Provider Resources

Ritchie Day Surgery Center

Preparing your patient for an anesthetic at the Ritchie Day Surgery Center.

What is required prior to an anesthetic?

What are the recommendations related to the medications that my patient is taking?

There are many differing opinions related to which medications should be continued and which medications should be stopped prior to a procedure. Some medications will require close consultation with the surgeon or the prescribing specialist (such as the patient's cardiologist or internist) in order to completely assess the benefits and risks. This document represents our summary of current best practices and is provided to serve as a guide in advising your patient.


What types of patients are not typically candidates for ambulatory/outpatient surgery?

It is the intent of AAPA to prioritize patient safety in any care setting. This document identifies adult patients and this document identifies pediatric patients who would be best cared for in an inpatient facility due to the increased risk related to their co-morbid conditions or limitations of the outpatient setting.


What if my patient has sleep apnea?

The medications administered during an anesthetic and those required for post-op pain control can put some patients with sleep apnea at risk. Many factors are considered to keep your patient with sleep apnea safe during the post-operative recovery period. Many patients with sleep apnea may undergo an outpatient procedure and safely go home after their initial recovery is complete. However, some may require an overnight stay in the hospital for additional monitoring and observation. The severity of your patient's obstructive sleep apnea, type of anesthetic, length of procedure, amount of pain medications required after the procedure, and compliance with the use of their CPAP machine are all important considerations.

This document outlines some of the decision-making steps that are used to determine if a patient with known or suspected sleep apnea is a candidate for outpatient surgery.  It is based on the broader experience that now exists after years of caring for patients with obstructive sleep apnea and was established with input from surgeons who are specialists in ear, nose and throat disease.

The STOP-BANG Tool is a research validated tool used to predict the likelihood that a patient may have sleep apnea (in the absence of a pre-existing diagnosis or sleep study).

The Peri-Operative Risk Scoring Tool is used in conjunction with the patient's medical history and perioperative assessment to estimate the risk present following your patient's surgical procedure and anesthetic.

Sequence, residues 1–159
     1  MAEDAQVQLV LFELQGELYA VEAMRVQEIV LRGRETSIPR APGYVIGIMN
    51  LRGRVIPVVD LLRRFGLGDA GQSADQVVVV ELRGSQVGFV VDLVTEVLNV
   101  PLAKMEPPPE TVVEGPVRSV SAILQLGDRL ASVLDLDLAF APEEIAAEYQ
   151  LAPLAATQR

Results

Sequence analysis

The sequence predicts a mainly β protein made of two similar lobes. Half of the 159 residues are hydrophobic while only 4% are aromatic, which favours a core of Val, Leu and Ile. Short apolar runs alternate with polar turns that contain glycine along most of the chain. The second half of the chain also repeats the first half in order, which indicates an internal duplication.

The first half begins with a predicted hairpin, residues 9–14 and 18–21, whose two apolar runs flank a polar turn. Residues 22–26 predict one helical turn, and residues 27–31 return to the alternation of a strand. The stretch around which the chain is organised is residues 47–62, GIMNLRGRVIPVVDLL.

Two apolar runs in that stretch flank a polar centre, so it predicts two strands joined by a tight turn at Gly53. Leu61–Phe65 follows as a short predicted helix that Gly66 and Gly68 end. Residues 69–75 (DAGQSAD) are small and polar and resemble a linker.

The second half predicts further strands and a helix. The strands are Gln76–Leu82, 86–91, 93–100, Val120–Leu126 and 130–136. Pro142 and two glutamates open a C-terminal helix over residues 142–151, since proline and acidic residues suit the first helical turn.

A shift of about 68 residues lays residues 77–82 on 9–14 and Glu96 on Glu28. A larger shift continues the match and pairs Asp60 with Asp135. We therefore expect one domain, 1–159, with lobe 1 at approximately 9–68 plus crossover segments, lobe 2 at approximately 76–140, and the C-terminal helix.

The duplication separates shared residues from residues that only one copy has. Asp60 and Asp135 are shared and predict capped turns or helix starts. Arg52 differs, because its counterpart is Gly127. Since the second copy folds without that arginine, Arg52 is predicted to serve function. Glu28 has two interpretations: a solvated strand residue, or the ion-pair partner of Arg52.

What if my patient has diabetes?

The prerequisite NPO status prior to surgery and the stress of the perioperative period may necessitate modifications to your diabetic patient's usual insulin or oral hypoglycemic regimen. The attached Diabetes Reference Tool from UpToDate contains guidelines about the management of the diabetic patient undergoing surgery.


Should I stop my patient's anticoagulants?

The risks vs. benefits of discontinuing or maintaining anticoagulation therapy must be carefully considered. AAPA recommends that input from the prescribing physician, in conjunction with the surgeon, be used to guide the decision regarding when or if anticoagulant medications should be stopped.

Many procedures are commonly performed under neuraxial anesthesia. The attached Anticoagulant Reference document provides information about spinal or epidural anesthesia/analgesia for the patient receiving medications that inhibit normal clotting function.


What if my patient is taking herbal supplements?

Certain herbal supplements may have unwanted surgical side effects and should be discontinued. Please reference our Herbal Medication Guidelines to determine if and when a supplement should be stopped.


Are there any special considerations for patients having an outpatient anesthetic?

Patients must have someone drive them home or accompany them if they plan to use public transportation. Patients must also have a responsible person (age 16 or older) stay with them overnight. This is to ensure the patient's safety during their early recovery period. This document outlines safety expectations for outpatient procedures.